the organization of cavalry, such as horse equipments, clothing, guidons, trumpets, &c. It will be recollected that we are here more than three months without anything being done in the way of adequate supplies to outfit a cavalry force.
EDMUND J. DAVIS,
Colonel, Commanding Cavalry Brigade.
List of clothing, camp and garrison equipage, and quartermaster's stores required to outfit 2,500 men composing a cavalry brigade.
1. Two thousand five hundred suits of clothing, complete.
2. The necessary camp and garrison equipage.
3. The requisite amount of stationery for one quarter's supply.
4. Portable forges and all the accompanying blacksmith tools.
5. Ten thousand horseshoes.
6. Two thousand muleshoes.
7. A proper proportion of steel, iron, nails, &c., for shoeing and repairing of wagons, &c.
8. Eighteen sets of saddler tools.
9. The requisite amount of leather, thread, rings, tacks, &c., for repair of saddles, bridles, harness, &c.
10. Forty wagons, and the accompanying amount of harness, covers, buckets, &c.
11. One hundred and eighty mules; lariat rope, wagon grease, harness oil, &c., in proportion.
12. Two thousand five hundred full sets of horse equipments, including everything necessary for the complete equipments of cavalry, such as saddle blankets, spurs and spur straps, horse brushes, curry-combs, &c.
ON THE MARCH, February 10, 1864.
Colonel R. R. LIVINGSTON,
Commanding Batesville, Ark.:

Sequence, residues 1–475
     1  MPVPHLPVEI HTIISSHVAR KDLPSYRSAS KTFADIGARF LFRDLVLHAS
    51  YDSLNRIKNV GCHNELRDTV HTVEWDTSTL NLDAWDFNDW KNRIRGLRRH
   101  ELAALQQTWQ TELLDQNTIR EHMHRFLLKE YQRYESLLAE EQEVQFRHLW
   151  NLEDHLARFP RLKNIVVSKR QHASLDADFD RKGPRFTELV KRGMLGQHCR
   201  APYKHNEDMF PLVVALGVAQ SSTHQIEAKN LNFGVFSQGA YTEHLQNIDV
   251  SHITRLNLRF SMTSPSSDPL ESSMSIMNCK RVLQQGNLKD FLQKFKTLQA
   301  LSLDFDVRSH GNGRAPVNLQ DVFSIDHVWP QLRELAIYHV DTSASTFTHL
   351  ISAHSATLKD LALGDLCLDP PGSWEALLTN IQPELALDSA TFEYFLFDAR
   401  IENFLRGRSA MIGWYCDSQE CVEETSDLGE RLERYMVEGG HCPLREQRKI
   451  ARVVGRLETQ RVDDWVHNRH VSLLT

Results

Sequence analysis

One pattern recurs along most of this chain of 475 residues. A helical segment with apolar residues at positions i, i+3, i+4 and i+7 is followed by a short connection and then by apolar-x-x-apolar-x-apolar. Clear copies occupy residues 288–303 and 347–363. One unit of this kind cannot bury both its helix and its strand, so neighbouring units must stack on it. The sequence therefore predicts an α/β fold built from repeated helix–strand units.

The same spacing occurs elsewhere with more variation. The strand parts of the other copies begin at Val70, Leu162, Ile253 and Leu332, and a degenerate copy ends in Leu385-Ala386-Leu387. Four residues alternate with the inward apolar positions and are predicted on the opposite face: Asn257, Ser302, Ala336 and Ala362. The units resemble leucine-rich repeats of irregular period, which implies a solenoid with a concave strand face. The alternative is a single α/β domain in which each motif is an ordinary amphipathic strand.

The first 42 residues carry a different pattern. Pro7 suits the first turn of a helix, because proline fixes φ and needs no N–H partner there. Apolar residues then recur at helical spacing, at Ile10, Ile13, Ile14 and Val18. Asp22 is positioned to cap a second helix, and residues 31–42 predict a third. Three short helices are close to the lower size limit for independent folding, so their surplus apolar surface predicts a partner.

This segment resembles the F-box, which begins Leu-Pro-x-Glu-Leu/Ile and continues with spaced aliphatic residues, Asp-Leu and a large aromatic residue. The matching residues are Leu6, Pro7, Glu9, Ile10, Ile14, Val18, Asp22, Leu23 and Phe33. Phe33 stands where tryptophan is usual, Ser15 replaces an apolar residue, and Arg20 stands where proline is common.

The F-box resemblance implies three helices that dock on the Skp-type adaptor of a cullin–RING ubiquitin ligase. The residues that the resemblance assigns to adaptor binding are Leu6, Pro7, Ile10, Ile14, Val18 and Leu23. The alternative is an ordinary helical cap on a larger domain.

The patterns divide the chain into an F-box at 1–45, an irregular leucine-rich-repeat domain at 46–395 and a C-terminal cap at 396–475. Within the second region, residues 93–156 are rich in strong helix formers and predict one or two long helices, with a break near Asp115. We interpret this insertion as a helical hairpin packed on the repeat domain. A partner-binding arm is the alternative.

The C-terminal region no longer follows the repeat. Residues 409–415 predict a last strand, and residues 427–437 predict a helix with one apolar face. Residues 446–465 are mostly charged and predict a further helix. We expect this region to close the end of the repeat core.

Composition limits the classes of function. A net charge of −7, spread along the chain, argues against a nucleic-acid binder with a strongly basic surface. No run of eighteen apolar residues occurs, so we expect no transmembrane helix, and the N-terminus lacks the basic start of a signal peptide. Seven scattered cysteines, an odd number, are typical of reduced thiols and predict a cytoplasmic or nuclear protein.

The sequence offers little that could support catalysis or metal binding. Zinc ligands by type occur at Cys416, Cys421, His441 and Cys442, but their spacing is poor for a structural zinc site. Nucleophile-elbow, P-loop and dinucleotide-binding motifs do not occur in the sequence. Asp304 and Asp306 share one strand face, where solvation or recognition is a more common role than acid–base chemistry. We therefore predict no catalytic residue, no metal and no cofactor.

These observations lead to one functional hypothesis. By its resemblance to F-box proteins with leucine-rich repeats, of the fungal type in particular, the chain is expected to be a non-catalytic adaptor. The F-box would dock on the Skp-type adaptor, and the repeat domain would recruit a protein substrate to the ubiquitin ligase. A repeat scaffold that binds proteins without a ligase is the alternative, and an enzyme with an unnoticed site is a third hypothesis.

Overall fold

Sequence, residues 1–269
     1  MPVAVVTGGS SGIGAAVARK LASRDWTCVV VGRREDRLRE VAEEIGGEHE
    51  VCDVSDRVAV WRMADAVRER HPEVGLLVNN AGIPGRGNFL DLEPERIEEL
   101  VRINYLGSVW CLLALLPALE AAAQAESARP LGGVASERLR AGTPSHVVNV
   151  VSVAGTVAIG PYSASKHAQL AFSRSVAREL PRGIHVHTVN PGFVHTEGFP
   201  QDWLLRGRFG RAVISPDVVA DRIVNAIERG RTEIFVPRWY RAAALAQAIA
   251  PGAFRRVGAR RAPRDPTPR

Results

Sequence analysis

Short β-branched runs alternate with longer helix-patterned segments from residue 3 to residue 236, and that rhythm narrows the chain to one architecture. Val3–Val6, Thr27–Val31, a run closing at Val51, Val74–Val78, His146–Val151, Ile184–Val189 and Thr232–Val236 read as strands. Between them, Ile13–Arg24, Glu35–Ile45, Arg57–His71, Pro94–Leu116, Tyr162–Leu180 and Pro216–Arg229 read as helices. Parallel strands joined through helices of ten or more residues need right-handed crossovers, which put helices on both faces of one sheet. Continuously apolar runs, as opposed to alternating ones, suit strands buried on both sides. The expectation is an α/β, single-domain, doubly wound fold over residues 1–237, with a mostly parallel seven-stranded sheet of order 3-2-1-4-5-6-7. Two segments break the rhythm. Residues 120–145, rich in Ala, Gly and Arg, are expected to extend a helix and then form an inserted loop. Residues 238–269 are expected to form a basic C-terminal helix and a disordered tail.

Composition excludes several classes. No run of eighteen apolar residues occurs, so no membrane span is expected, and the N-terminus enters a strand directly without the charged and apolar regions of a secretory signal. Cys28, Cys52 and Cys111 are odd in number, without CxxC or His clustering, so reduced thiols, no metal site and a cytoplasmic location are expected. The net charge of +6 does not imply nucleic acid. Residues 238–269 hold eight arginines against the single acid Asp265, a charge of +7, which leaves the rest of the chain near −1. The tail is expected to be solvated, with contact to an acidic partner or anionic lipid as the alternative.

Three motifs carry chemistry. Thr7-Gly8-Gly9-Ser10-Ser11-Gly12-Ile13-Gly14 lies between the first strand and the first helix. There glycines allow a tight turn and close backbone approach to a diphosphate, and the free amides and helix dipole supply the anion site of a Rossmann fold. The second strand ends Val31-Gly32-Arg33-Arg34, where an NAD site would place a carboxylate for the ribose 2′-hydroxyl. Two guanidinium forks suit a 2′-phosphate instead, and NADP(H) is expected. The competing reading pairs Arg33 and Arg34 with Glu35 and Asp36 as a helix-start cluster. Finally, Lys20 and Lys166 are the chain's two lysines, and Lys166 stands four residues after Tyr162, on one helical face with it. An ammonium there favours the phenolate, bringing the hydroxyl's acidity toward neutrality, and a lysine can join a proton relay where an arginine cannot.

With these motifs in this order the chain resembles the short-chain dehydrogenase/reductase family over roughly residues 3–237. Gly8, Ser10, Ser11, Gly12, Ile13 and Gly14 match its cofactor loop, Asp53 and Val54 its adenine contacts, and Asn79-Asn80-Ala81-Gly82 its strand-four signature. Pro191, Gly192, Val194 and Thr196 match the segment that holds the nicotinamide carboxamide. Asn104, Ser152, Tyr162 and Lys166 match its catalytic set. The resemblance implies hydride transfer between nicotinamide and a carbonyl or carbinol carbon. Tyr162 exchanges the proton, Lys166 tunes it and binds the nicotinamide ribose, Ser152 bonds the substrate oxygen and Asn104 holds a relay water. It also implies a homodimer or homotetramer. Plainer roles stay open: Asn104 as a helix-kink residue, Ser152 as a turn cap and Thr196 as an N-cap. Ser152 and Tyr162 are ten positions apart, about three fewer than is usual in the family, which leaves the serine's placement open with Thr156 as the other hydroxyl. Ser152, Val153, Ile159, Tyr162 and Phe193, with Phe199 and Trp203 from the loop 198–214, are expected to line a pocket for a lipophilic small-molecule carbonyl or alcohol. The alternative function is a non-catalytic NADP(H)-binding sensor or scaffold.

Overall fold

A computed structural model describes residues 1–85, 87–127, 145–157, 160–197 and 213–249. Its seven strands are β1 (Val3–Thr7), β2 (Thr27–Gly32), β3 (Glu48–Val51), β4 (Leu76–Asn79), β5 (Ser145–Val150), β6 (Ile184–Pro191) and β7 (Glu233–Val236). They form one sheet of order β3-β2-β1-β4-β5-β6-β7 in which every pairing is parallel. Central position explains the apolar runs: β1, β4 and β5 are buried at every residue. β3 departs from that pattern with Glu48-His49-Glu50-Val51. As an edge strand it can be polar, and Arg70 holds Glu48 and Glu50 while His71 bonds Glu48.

DEAR SIR: The 4 prisoners I send by Lieutenant Wasson were captured by me on yesterday, and I intended to send them by Lieutenant Evans, but they were at a different place and he did not get them, and I send them under a flag of truce by Lieutenant Wasson. Their names are as follows: John B. Stillwell, Company L, Eleventh Missouri Cavalry; Alexander Gray, sergeant Company F, Eleventh Missouri Cavalry; John Beasley, Company L, Eleventh Missouri Cavalry; Joseph Wyatt, Company F, Eleventh Missouri Cavalry. I wish to exchange these for Jesse Riggs and Frank Crisswell (supposed to have been captured yesterday), Joseph Orr and William Hill.
I have always treated your soldiers kindly when taken. And I understand from Captain Wolf that Captain Monks' company, during last week, captured 2 soldiers belonging to Captain Wolf's company, while at home on leave of absence, and killed them after they surrendered. I desire you to inform me in writing, by Lieutenant Wasson, whether you hold yourself responsible for the acts of Cap-
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